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Nobody's Perfect


Nobody's Perfect






































































































































































































































































































































































  

Cookbooks

Ready? Ready. O.K., here we go. "Fold the wings akimbo, tucking the wing ends under the shoulders as shown here." Lovely. "Then, on the same side of the chicken where you came out from the second knee..." Umm. "Poke the needle through the upper arm of the wing." Wings with arms, like a bat's. Cool. "Catch the neck skin, if there..." Hang on. If there? If not there, where? Whose neck is this, anyway? "...and pin it to backbone, and come out through the second wing." And go for a walk in the snow, and don't come back till next year.

This wing-stitching drill, as any cook will tell you, is from the celebrated "To Truss a Chicken" section of Julia Child's The Way to Cook. It's a pretty easy routine, really, as long as you take it slow, run through a batch of test poultry first, have a professional chef on hand to help you through the bad times, and feel no shame when you get arrested and charged with satanic drumstick abuse. Julia Child is a good woman, with no desire to faze or scald us; she genuinely wants us to bard that bird, to cook it, and to carve it. ("Fork-grab under the knee.... Soon you'll see the ball joint here the leg-thigh meets the small of the back.") Hell, she wouldn't mind if we went ahead and ate the damn thing.

I don't know what it is about cookbooks, but they really drain my giblets. I buy them, and use them, and study them with the micro-attentive care of papyrologist, and still they make me feel that I am missing out. I follow instructions, and cook dinner for friends, and the friends are usually friends again by the next morning, but what they consume at my table bears no more than a fleeting, tragically half-assed resemblance to the dish that I read about in the recipe. Although I am not a good cook, I am not a dreadful one, either; I once had a go at mouclade d'Aunis, once made a brave fist of cul de veau braisé Angevin, and once came very close to buying carp. Last summer, I did something difficult with monkfish tails; the dish took two days to prepare, a full nine minutes to eat, and three days to wash up after. But an hour in front of my cookbooks is enough to slash my ambitions to the bone—to convince me that in terms of culinary evolution I remain a scowling tree-dweller whose idea of haute cuisine is to grub for larvae under dead bark.

And we all know the name of the highly developed being standing at the other end of the scale. Super-skilled, free of fear, the last word in human efficiency, Martha Stewart is the woman who convinced a million Americans that they have the time, the means, the right, and—damn it—the duty to pipe a little squirt of soft cheese into the middle of a snow pea and to continue piping until there are "fifty to sixty" stuffed peas raring to go. Never mind the taste; one glance at this woman's quantities is enough to spirit you into a different and a cleaner world. "I discovered a fantastic thing when preparing 1,500 potatoes for the Folk Art Show," Martha writes in her latest book. The Martha Stewart Cookbook is a magisterial compendium of nine previous books, and offers her fans another chance to sample Martha's wacky punch lines ("Tie securely with a single chive") and her naughtiest promises ("This hearty soup is simple to assemble"). So coolly thrown off, that last line, and you read right through it without picking up the outrageous implication. Since when did you "assemble" a soup? Even the ingredients are a fright. "Three pounds fish frames from flounder or fluke," Martha says brightly, sounding like Henry Higgins. To the rest of humanity, soup is something that involves five pans, two dented strainers, scattered bones that would baffle a forensic pathologist, and the unpleasant sensation of hot stock rising from the pot, condensing on your forehead, and running down into the pot again as lightly flavored sweat.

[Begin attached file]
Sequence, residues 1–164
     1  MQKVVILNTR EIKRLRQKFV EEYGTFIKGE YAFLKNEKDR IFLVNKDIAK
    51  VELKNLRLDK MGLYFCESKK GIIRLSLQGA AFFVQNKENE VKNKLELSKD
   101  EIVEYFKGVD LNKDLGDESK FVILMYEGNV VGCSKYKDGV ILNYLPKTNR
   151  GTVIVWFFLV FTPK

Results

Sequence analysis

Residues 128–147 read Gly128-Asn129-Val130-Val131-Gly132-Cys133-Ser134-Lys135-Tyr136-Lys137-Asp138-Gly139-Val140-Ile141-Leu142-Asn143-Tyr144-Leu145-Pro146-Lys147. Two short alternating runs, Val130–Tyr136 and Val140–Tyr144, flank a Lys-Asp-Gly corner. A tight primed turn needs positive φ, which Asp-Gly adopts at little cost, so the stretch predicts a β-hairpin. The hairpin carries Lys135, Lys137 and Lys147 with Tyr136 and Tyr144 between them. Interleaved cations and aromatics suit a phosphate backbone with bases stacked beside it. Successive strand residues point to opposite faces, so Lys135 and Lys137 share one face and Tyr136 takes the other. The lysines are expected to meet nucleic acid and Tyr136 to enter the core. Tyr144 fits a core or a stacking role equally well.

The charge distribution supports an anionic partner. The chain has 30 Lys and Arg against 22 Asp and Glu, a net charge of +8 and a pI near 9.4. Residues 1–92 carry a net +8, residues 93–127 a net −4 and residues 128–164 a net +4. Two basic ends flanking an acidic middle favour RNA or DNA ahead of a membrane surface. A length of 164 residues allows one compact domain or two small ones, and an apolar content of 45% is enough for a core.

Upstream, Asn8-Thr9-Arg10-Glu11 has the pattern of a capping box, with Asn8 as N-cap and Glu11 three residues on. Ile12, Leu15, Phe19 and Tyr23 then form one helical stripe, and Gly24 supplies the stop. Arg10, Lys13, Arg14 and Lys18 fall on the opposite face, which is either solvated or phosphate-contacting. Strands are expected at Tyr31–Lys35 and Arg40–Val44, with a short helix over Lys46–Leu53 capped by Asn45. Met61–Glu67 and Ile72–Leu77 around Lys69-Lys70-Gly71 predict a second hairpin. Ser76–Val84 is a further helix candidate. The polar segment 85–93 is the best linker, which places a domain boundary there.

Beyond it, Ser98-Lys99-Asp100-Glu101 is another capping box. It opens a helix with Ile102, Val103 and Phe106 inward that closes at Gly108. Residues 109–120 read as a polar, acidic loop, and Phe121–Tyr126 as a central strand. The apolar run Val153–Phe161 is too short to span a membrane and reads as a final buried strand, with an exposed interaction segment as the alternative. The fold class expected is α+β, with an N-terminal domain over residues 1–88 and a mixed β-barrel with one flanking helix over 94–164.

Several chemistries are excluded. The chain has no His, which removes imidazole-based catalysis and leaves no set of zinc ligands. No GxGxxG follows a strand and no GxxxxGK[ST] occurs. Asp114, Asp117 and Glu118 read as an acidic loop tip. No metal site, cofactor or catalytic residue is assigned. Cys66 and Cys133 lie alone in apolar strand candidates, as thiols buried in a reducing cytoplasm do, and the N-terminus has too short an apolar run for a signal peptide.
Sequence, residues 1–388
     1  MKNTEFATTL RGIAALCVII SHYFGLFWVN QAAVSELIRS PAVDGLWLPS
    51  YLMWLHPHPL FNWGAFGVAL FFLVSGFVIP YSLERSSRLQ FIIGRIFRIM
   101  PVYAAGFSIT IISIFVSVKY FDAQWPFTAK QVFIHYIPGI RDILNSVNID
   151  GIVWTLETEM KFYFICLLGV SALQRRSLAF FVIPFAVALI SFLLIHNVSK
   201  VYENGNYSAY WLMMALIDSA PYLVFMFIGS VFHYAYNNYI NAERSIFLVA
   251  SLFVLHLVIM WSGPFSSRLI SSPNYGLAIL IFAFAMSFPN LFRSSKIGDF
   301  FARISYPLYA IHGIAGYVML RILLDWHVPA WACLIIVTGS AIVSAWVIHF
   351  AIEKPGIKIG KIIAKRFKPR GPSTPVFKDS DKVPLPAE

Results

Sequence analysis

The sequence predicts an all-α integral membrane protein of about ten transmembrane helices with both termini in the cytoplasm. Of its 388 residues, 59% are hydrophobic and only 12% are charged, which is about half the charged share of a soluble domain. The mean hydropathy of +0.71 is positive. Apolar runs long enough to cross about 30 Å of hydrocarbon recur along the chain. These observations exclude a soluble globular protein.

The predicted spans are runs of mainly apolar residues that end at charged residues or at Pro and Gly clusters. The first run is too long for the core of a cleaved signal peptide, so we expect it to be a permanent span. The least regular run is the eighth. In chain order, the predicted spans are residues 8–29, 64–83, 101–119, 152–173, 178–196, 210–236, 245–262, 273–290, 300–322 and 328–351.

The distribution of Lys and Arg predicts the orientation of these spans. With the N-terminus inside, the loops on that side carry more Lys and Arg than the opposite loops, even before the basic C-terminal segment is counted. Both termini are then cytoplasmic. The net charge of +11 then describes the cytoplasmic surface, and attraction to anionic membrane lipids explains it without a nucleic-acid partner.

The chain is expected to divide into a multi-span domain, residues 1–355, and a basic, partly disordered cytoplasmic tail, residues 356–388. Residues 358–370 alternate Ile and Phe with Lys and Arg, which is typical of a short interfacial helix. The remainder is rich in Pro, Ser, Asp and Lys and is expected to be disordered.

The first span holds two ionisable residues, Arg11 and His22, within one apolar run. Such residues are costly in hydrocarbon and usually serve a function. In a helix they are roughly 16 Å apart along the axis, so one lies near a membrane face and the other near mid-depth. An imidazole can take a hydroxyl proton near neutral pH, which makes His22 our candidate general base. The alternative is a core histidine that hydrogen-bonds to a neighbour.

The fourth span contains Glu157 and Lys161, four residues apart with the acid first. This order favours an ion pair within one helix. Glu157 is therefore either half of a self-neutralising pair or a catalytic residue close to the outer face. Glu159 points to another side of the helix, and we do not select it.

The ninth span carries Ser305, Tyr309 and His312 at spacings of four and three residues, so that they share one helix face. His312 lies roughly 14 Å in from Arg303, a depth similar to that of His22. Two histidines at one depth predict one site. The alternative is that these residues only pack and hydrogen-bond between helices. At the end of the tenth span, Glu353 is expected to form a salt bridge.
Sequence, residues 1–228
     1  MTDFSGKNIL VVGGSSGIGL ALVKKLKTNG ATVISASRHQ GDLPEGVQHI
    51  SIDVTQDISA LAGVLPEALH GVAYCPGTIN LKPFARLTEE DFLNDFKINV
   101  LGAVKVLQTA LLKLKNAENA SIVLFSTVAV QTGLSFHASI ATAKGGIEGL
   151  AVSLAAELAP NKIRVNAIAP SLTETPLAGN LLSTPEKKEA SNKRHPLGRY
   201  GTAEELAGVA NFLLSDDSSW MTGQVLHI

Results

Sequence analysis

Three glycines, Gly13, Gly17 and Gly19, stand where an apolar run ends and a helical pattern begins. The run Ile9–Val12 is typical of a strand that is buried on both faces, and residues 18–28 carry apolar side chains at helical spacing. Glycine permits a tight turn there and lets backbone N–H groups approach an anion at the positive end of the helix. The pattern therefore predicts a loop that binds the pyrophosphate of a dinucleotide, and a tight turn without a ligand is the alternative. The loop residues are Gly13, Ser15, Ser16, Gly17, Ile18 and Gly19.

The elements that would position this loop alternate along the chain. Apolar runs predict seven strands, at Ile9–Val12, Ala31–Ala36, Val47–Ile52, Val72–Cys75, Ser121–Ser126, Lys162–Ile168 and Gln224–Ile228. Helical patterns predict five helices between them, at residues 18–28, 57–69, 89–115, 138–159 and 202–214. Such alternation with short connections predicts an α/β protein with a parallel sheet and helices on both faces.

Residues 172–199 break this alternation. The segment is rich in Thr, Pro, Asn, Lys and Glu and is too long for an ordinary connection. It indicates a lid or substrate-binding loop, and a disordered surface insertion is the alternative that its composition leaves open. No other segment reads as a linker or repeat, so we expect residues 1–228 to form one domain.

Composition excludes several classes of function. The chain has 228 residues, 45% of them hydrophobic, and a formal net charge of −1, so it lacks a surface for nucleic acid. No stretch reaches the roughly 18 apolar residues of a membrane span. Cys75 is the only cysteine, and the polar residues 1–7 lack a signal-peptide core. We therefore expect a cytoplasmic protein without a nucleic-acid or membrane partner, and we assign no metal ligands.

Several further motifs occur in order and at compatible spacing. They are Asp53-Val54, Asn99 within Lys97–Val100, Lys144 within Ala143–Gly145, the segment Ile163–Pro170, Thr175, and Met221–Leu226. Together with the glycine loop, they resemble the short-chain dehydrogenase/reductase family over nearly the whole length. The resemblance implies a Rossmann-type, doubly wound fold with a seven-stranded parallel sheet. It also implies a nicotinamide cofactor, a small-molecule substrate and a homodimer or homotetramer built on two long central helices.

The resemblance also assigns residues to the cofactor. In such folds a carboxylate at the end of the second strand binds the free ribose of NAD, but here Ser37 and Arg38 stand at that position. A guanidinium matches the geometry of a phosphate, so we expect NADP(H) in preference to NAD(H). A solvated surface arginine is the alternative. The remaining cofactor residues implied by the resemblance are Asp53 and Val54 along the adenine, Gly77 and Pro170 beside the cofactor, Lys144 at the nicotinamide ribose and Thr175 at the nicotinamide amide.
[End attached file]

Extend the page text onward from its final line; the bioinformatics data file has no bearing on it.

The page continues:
Martha does not perspire. There is not a squeak of panic in the woman's soul. She knows exactly where the two layers of cheesecloth can be found when the time comes to strain the stock. She assembles her fish chowder as if it were a model airplane. Moreover, she does so without appearing to spend any time in the kitchen. "One of the most important moments on which to expend extra effort is the beginning of a party, often an awkward time, when guests feel tentative and insecure," she says. The guests are insecure? How about the frigging cook? Believe me, Martha, I'm not handing round the phyllo triangles with lobster filling during that awkward time. I'm out back, holding on to the sink, finishing off the Côtes du Rhône that was supposed to go into the stew. But Martha Stewart is an idealist who has cunningly disguised herself as a helping hand; readers look up to her as a conservative angel who keeps the dream house tidy, radiant, ready for pals, and filled with family. "If I had to choose one essential element for the success of an Easter brunch, it would be children," she writes, as if preparing to grill the kids over a high flame.

Yet the conservative image won't quite fit. The Stewart paean to the joys of Thanksgiving ("To not cook and entertain on this day would seem tantamount to treason") is itself rather joyless in its zealotry; you keep hitting something sharp and steely in her writings—a demiglace intolerance of ordinary mortals. Her kitchen is bewitched, and she's Samantha. You won't see it on her TV shows, but I bet Martha Stewart can wiggle her nose and turn any chauvinist Darrin into crabmeat. If you're planning to fork-grab her under the knee, forget it. Was it the spirit of the season or a quiet celebration of dominant female power that led to the baked-ham recipe at the start of Martha Stewart's Menus for Entertaining? It looks succulent in the accompanying photograph, and I have long yearned to make it, but three factors have restrained me. First, it serves sixteen, and I don't know that many people who would be happy to munch ham at one another. Second, you need "one bunch chervil with flowers." (That's plain silly, if not quite as ridiculous as a recipe at I came across at the peak of nouvelle cuisine, in the 1980s—a recipe that demanded thirty-four chervil leaves.) Third, the ham must be baked for five and a half hours in a pan lined with fresh-cut grass. As in meadow. "Locate an area in advance with tender, young, organically grown grass that has not yet been cut," our guide advises. "It is best to cut it very early in the morning while the dew is still evident." I'm sorry, Martha, but it just won't do. I have inspected the grass in my backyard, and I am not prepared to serve Baked Ham with Cat Whiff and Chopped Worms.